Author: Paula Prober

I’m a psychotherapist and consultant in private practice based in Eugene, Oregon. I specialize in international consulting with gifted adults and parents of gifted children. I’ve been a teacher and an adjunct instructor at the University of Oregon and a frequent guest presenter at Oregon State University and Pacific University. I’ve written articles on giftedness for the Eugene Register-Guard, the Psychotherapy Networker, Advanced Development Journal and online for psychotherapy dot net, Rebelle Society, Thrive, Introvert Dear, and Highly Sensitive Refuge. My first book, Your Rainforest Mind: A Guide to the Well-Being of Gifted Adults and Youth, is a collection of case studies of gifted clients along with many strategies and resources for gifted adults and teens. My second book, Journey Into Your Rainforest Mind: A Field Guide for Gifted Adults and Teens, Book Lovers, Overthinkers, Geeks, Sensitives, Brainiacs, Intuitives, Procrastinators, and Perfectionists is a collection of my most popular blog posts along with writing exercises for self-exploration and insight.

22 responses to “Gifted In Finland — What Are Gifted Adults Like Across Cultures?”

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  1.  Avatar

    Hi! I came across this inspiring article today, and as it seems, there actually are other gifted people in Finland, wow 😀 I agree with the previous commentators that in Finland this phenomenon goes completely unrecognised. Our egalitarian culture most probably plays a part in this. I am a 30 yo male and identify as gifted. It would be so nice to meet others identifying under the term. I just have no idea where to search them from. Does anyone happen to know any societies or anything for the gifted in Finland? Thank you.

    1. Paula Prober Avatar
      Paula Prober

      Welcome! Glad you found my blog. One idea is that you go to and check their Facebook group. You might find some Finland folks there. They are an international group of gifted souls. Glad you are here! And, perhaps, some of my readers will respond.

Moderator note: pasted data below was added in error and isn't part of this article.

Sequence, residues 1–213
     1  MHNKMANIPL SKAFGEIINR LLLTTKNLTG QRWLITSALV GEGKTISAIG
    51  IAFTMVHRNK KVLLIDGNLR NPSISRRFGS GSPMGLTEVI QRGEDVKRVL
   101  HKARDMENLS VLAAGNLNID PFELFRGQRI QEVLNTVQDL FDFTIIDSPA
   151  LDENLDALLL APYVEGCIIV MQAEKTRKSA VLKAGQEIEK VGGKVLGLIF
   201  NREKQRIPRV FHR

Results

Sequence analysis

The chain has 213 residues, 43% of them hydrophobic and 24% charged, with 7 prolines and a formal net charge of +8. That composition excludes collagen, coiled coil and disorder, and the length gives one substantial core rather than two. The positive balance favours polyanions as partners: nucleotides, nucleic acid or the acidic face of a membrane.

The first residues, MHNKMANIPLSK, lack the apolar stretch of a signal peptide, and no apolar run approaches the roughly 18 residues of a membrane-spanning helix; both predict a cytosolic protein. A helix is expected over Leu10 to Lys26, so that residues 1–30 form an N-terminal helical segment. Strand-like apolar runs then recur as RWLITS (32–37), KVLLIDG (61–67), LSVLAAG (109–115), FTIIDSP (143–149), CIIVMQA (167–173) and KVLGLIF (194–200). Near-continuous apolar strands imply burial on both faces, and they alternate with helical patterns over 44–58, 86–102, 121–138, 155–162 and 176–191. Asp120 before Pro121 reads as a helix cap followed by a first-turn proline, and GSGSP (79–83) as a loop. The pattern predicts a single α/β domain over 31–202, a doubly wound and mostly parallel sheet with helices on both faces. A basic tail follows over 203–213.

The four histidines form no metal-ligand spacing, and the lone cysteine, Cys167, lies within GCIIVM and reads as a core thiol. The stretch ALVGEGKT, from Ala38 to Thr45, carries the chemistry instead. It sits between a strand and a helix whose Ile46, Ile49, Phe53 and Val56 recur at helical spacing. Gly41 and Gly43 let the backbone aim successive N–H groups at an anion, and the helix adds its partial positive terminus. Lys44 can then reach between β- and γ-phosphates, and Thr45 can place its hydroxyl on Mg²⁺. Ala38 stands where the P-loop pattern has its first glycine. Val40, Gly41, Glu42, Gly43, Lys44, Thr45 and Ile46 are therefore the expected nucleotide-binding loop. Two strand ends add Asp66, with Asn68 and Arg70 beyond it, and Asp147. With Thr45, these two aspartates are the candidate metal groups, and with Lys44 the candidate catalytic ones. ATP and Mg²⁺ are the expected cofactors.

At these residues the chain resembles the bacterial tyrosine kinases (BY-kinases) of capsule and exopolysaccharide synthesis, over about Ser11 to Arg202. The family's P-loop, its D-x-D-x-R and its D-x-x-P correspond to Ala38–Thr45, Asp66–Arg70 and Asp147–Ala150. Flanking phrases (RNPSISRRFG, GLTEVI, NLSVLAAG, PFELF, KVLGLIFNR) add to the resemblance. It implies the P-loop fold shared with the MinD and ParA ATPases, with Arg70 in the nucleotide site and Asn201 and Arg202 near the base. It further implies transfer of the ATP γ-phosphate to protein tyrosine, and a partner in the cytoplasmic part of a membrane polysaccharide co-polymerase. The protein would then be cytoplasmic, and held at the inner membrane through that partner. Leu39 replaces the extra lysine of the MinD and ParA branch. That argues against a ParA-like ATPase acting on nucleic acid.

1.  Avatar

        Thank you Paula for your important work!

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  5. ÅÄÖ Avatar

    Hello Kaisa, and others. This ‘who do you think you are’ sounds just so familiar to someone who grew up in Finland. I think the Jante Law describes also the Finnish society very well. Of course I have met some wonderful Finnish RFM folks over the years, they do exist, but as always, take time to find.

  6. MayMay Avatar

    “…I sometimes get so excited about an idea or theory that I cannot continue reading or thinking because it causes my body to get super energetic and I have an urge to move”

    OMG I thought I was the only one!!!! In fact, I don’t even like to move, but whenever that energy comes in, I feel like I need to run. It’s funny that we, and some other people are experiencing the exactly same thing across the cultures. I did actually google about that ‘weird energy’ and results were not found (🤭) I’m laughing too much when reading this blog today, thank you and greetings from Malaysia 😄💚

    1. Paula Prober Avatar
      Paula Prober

      Oh yes, MayMay! That’s why I write this blog! So you aren’t alone anywhere in the world and you find self-acceptance and self-understanding so you can be all that you are. Thank you for telling us where you live. Sending love to Malaysia! (You might research Dabrowski and psychomotor overexcitability or even just the concept of body-mind connection. I suspect it’s both. Maybe another reader will explain it!)

      1. Paula Prober Avatar
        Paula Prober